The Beginner’s Guide To The Cardboard Galaxy

I recently had a reader of the blog and follower on Twitter reach out to me with a topic request. Of course, considering how much I really love writing and brainstorming topics, I jumped on the opportunity. It really made a lot of sense but I hadn’t slowed down enough to consider it. Our hobby has a lot of guys like me that collected when they were younger but went away for various reasons. I left the hobby during the baseball strike of ’94 and didn’t come back because I had moved on to hot chicks by the time play resumed. Others left because of over production or just being burned out by the massive growth of the hobby. That could be a topic all on its own; why did you leave the hobby when you were a kid or teenager? I’ve heard a number of different reasons and they all are legit. But, it seems that a lot of us come back at some point like I did around the mid 2000’s.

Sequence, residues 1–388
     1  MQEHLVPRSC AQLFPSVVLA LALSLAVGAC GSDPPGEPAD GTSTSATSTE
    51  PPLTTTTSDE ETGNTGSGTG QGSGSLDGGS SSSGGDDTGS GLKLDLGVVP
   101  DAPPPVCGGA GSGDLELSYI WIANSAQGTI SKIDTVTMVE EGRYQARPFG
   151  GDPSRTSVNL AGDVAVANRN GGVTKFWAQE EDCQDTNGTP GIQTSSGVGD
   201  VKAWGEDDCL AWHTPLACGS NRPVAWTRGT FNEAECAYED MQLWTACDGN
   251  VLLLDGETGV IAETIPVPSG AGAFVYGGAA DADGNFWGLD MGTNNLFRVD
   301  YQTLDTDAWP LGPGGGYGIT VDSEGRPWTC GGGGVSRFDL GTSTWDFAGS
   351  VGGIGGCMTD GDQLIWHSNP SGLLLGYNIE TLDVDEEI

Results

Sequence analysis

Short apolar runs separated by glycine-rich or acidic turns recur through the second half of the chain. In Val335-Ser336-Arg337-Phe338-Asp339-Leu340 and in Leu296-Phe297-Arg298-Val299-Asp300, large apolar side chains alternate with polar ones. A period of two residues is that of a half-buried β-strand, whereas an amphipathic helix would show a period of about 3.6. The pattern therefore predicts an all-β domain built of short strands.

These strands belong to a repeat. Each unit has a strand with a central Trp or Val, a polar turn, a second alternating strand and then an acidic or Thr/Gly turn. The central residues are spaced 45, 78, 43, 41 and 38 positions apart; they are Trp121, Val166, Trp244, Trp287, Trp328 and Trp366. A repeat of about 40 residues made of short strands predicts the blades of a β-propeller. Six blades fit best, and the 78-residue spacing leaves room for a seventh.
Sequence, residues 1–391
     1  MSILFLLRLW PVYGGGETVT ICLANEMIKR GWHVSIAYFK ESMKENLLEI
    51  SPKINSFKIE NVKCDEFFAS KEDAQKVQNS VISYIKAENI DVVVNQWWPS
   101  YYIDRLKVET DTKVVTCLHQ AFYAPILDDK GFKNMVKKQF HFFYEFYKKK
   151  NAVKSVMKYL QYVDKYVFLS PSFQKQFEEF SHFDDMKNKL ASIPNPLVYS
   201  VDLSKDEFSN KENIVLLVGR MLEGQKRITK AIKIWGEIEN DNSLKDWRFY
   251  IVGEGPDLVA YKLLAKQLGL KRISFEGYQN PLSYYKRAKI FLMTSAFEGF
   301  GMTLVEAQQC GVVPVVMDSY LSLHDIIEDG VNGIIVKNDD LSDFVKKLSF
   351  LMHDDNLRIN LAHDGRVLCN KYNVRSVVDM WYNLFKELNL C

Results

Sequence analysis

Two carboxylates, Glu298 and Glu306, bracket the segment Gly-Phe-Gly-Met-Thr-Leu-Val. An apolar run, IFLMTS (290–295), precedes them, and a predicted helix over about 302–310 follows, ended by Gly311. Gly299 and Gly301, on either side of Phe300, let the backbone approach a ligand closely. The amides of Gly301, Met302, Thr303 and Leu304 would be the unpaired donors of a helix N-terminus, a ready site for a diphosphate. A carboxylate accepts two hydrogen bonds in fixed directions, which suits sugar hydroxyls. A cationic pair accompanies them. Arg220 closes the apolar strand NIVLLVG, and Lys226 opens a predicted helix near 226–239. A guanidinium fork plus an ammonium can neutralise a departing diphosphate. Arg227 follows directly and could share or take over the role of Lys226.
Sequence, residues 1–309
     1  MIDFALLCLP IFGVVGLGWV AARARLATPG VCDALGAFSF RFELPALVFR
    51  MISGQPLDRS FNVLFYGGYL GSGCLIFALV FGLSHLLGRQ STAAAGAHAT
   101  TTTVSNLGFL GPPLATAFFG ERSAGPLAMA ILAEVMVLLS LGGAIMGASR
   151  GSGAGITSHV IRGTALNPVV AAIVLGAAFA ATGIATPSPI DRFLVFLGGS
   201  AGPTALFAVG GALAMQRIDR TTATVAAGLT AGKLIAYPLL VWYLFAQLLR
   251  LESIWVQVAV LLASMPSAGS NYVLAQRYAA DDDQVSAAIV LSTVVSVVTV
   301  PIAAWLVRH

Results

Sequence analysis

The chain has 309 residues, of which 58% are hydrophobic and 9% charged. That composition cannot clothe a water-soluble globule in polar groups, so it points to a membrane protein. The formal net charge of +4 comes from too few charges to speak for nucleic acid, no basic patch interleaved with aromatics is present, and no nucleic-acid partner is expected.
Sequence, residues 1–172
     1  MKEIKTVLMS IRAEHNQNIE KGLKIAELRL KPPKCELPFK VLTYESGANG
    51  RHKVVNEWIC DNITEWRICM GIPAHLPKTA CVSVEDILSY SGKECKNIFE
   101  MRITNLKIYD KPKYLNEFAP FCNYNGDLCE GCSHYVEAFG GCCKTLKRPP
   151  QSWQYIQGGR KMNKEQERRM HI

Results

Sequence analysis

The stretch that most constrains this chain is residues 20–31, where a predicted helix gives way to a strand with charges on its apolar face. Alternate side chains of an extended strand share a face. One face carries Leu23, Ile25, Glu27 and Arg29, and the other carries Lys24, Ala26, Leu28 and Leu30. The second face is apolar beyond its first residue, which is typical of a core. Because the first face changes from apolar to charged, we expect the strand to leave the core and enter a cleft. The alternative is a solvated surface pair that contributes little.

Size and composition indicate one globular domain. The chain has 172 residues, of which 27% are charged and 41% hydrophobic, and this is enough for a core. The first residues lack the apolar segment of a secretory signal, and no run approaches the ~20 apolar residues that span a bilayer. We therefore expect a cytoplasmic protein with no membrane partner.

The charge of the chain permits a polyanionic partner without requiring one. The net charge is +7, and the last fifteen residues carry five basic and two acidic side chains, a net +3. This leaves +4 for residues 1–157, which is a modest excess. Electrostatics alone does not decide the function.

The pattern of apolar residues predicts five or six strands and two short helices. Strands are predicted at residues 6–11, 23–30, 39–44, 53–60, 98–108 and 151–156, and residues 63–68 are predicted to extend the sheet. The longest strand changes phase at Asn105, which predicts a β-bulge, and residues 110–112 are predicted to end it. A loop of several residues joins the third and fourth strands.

Together with those of us who have returned to the hobby we grew up with in the 80’s-90’s, there is also a section of the hobby that is just brand new collectors. Those could be young kids just getting their first baseball cards or it could be an adult who never collected as a kid. No matter what makes you a “new collector”, being new at anything is always tough. Card collecting is no different, there are acronyms to learn, terminology to understand and there are ways to stretch your dollars when buying cards these days. The hobby from my early days is gone, though I go back quite often. The quality has changed, the hits have changed, the products have changed and the way you can buy them has changed.Those that never left and even those that came back almost 10 years ago like me have been able to adapt as these changes have taken place. Those that are new are just seeing a bunch of formulas, words and numbers going through Twitter and FaceBook and are left looking like Charlie in “It’s Always Sunny” tracking down Pepe Silvia. I must admit that I have trouble keeping up sometimes as well. I have learned to save all of Ryan Cracknell’s (@tradercracks) articles about set variations because I never know what I have anymore without it! But if we back up even more, new guys (and gals) don’t even know what variations are. This is all new. So per reader request, I have tried to put together a “Beginner’s Guide” of sorts to outline some of the more basic terms and acronyms that are thrown around in the collector community.